A pain in the hand…

…is worth two in the bush.  Or so the old saw (almost) goes, however, I should point out that I am not medically (or arboreally) qualified and if you have even a single pain in your bush you may wish to seek a medical (or horticultural) opinion.

My lifestyle does place quite a lot of pressure on my hands, involving as it does hanging from rings and bars in various improbable configurations, and learning to play both the piano and guitar (not all at the same time, yet…).  So, I initially assumed that it was something I had done when I noticed an odd subcutaneous lump in the palm of my right hand a couple of weeks ago.  Well, either that or I’d been abducted by aliens (or the CIA) and they had implanted some sort of ‘device’: it was only a matter of time before this blog came to the notice of an alien (and/or foreign) intelligence.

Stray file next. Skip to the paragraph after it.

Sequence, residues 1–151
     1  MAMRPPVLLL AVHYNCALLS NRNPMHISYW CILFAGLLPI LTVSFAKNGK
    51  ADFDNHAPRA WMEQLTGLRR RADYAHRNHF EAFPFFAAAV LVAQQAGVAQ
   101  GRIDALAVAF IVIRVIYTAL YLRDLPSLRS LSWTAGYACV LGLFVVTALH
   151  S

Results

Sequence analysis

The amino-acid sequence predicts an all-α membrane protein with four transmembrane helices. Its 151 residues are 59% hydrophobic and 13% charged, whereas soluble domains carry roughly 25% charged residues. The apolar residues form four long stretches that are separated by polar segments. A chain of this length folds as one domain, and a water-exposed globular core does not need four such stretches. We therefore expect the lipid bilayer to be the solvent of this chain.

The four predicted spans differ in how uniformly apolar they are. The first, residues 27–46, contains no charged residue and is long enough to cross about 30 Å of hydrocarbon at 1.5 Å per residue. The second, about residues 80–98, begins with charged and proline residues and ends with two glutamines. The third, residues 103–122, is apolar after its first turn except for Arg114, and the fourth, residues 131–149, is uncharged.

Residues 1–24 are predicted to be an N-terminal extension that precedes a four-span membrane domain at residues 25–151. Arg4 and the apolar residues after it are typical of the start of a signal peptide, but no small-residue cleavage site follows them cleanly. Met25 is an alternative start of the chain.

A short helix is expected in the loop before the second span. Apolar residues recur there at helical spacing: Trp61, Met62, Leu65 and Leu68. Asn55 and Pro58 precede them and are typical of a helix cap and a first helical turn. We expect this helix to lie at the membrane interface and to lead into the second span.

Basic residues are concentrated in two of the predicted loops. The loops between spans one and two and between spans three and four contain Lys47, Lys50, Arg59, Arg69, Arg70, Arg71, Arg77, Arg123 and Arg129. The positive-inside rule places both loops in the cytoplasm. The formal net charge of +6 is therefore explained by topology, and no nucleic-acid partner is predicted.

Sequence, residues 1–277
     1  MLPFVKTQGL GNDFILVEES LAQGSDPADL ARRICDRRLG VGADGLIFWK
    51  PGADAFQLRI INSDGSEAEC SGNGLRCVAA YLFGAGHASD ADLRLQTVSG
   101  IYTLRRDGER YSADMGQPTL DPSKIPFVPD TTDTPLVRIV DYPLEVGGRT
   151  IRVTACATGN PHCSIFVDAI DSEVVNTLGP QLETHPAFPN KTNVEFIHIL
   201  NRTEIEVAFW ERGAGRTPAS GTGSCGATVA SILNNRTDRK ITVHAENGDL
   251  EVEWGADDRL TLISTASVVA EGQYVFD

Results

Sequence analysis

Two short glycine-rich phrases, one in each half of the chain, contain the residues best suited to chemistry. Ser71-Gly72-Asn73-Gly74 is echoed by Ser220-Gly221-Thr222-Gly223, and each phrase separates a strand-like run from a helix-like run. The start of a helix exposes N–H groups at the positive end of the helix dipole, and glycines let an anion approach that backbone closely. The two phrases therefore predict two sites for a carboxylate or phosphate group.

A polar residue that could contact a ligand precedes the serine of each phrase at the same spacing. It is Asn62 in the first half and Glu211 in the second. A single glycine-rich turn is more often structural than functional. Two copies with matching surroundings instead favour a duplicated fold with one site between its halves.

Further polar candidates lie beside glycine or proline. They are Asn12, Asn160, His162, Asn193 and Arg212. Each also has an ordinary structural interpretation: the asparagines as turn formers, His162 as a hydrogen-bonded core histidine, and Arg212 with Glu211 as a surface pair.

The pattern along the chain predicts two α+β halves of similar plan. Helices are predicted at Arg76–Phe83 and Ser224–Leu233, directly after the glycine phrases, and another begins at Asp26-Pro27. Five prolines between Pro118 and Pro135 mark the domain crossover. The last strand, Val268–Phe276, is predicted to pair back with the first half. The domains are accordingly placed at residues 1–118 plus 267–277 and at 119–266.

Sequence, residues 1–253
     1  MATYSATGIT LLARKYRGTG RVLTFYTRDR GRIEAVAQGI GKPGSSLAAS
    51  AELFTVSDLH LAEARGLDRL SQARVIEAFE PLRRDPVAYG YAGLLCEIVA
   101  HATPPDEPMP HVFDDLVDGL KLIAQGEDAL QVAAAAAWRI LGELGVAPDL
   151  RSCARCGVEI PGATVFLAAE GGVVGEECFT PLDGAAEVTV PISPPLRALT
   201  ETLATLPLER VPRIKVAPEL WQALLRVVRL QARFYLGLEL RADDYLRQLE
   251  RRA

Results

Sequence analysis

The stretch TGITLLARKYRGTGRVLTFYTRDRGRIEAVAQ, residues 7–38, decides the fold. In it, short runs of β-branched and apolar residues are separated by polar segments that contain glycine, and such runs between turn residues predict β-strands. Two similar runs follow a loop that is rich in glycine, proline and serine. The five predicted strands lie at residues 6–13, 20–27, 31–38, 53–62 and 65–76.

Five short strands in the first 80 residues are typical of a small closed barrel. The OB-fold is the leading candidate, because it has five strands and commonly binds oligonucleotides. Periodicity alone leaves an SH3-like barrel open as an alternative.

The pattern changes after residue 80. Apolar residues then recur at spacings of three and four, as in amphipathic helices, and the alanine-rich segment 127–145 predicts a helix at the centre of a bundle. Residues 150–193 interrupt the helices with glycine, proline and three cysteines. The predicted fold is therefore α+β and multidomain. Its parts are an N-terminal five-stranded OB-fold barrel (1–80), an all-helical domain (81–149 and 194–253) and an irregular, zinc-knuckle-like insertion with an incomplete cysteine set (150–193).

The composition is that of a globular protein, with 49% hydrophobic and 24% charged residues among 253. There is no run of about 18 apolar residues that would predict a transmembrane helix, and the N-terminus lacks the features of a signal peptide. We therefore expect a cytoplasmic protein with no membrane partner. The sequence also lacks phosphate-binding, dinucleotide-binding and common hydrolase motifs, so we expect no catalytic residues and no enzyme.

Icing the lump had little effect, other than making my hand very cold, suggesting it may not have been soft-tissue damage caused by my unorthodox response to the mid-life crisis.  Given an impending blood donation, I decided to see my doctor to discover if it would have an adverse effect on the quality of my blood: I have my reputation for a quality product to protect!  The diagnosis was pretty swift and, as it turns out, it was not my fault: assuming we excuse me of blame for being a man in his fifties (I blame biology, my parents and time – plus my failure to die).  It would seem that I have Dupuytren’s Contracture which sounds like a Robert Ludlum novel, but is actually some sort of thickening of a tendon in my hand.  This may grow worse – in which case there are some options involving radiation, needles or knives – or stay the same or go away (but seems unlikely to hatch and lay waste humanity).  However, for now I should continue to act as normal – including hanging upside-down as much as I want – though I can massage it, if that would give me pleasure (though there was no suggestion that this would do any good).

The contracture is named after a Napoleonic surgeon – Guillaume Dupuytren– famed for two things, in addition to diagnosing an ancestor of my lumpy palm.  He treated Napoleon for his piles and published the Treatise on Artificial Anus.  What a man to be associated with!  For the avoidance of doubt, I would like to stress that the southern exit of my alimentary canal is still the factory issue.